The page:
Life & Culture

How to give yourself a decent ‘drenching’

In 2024, we are wearing one colour – neckline to hemline


In the brave new world of fashion we now inhabit, one of the considered ways to get dressed in Spring 2024 is in colour.

But with so many colours seen on so many runways – red at Roland Mouret, Alexander McQueen and many others; cobalt at Roksanda, Emilia Wickstead, McQueen and others; pink and orange at Stella McCartney; peach at Gucci; yellow at Bottega Veneta and Carolina Herrera – it is not about what colour we wear, but how we wear it. And in 2024, we are wearing one colour – or tones of that colour – neckline to hemline in a statement way. AKA “drenching.”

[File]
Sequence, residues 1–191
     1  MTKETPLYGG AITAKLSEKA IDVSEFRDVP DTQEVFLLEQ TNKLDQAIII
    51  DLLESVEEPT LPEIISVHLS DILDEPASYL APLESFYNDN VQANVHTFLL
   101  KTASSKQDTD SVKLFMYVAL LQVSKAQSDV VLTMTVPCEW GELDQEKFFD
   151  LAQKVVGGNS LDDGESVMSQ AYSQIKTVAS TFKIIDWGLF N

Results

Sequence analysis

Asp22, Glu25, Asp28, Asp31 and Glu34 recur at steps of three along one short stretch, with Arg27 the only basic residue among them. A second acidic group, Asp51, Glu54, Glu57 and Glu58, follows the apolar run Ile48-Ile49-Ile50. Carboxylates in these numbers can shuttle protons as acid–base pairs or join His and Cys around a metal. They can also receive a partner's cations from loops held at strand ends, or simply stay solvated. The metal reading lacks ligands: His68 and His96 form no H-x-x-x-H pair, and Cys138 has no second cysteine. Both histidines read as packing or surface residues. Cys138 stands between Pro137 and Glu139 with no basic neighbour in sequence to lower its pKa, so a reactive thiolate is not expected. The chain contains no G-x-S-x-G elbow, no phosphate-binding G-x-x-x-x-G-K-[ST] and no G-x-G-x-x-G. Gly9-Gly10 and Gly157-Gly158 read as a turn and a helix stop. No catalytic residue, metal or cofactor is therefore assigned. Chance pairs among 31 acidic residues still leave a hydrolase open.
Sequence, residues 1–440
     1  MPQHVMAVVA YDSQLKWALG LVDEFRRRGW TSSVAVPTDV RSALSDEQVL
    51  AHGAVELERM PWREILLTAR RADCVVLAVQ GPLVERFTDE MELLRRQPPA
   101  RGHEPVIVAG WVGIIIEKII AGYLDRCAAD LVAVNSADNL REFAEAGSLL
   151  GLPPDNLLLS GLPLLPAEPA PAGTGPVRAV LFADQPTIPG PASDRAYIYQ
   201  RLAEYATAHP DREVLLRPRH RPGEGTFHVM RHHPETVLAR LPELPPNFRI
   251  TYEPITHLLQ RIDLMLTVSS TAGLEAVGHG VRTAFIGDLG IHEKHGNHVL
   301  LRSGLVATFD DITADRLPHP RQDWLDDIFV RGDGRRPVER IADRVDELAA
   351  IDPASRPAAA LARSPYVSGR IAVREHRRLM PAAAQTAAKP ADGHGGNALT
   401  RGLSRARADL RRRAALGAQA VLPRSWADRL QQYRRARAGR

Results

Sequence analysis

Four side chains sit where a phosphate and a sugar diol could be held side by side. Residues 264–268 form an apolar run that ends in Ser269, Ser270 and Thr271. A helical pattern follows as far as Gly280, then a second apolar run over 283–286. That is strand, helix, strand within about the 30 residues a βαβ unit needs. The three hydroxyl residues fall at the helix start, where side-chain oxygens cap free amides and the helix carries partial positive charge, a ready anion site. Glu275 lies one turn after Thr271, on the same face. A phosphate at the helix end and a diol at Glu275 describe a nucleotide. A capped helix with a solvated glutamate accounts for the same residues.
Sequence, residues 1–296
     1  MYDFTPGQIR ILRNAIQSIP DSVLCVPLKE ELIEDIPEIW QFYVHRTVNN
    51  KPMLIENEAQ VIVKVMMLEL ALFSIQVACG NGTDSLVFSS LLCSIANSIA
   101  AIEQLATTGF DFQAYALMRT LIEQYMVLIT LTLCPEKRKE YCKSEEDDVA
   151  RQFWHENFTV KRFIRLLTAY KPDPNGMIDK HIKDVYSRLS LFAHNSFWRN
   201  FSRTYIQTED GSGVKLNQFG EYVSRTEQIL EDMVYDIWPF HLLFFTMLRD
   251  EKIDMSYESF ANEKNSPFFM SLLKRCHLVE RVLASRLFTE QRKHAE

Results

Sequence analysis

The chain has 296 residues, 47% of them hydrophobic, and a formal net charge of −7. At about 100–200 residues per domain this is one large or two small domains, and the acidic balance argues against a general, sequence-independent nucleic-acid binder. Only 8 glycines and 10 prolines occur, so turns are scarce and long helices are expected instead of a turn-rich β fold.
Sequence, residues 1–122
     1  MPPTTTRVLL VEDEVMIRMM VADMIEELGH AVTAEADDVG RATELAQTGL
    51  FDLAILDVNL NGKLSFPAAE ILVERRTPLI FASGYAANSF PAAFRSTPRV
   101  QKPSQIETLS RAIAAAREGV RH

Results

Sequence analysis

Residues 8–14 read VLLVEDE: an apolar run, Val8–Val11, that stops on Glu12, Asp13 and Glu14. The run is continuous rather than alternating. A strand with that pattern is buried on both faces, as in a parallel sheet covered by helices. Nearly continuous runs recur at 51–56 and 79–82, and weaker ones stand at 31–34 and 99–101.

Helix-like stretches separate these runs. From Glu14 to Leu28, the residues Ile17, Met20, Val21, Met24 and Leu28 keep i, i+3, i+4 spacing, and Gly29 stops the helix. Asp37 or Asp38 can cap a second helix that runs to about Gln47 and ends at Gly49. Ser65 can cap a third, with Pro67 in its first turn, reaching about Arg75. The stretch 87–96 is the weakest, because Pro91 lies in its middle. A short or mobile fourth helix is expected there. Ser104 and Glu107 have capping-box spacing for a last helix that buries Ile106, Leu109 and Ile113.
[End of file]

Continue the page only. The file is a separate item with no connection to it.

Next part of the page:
Many brands at many price-points, including MaxMara, Me + Em, Boden, Plumo, Monsoon, River Island, M&S and Zara, are offering trousers, skirts and top halves that can be put together for colour saturation. Alternatively colour-drenching can be effortless with a solid-colour dress – ideally with a maxi or low-mid-calf hemline for maximum drama. Find them in vibrant hues, pales and pastels at many brands and labels, including Me + Em, Jasper Conran, The Reformation, Boden, Cos, and Zara.

To intensify the saturation, add an extra layer (or two) in the same colour, such as an oversized scarf or a jumper tied cross-body or draped round shoulders, or a blazer or lightweight coat. Some brands colour-coded these for “drenching.” They include Me + Em (pink blazer, £325 maxi skirt or wide-leg trousers); M&S (blue denim trench, £79.99, and wide-leg jeans) and Zara (khaki shirt £33 and slouchy trousers £36).

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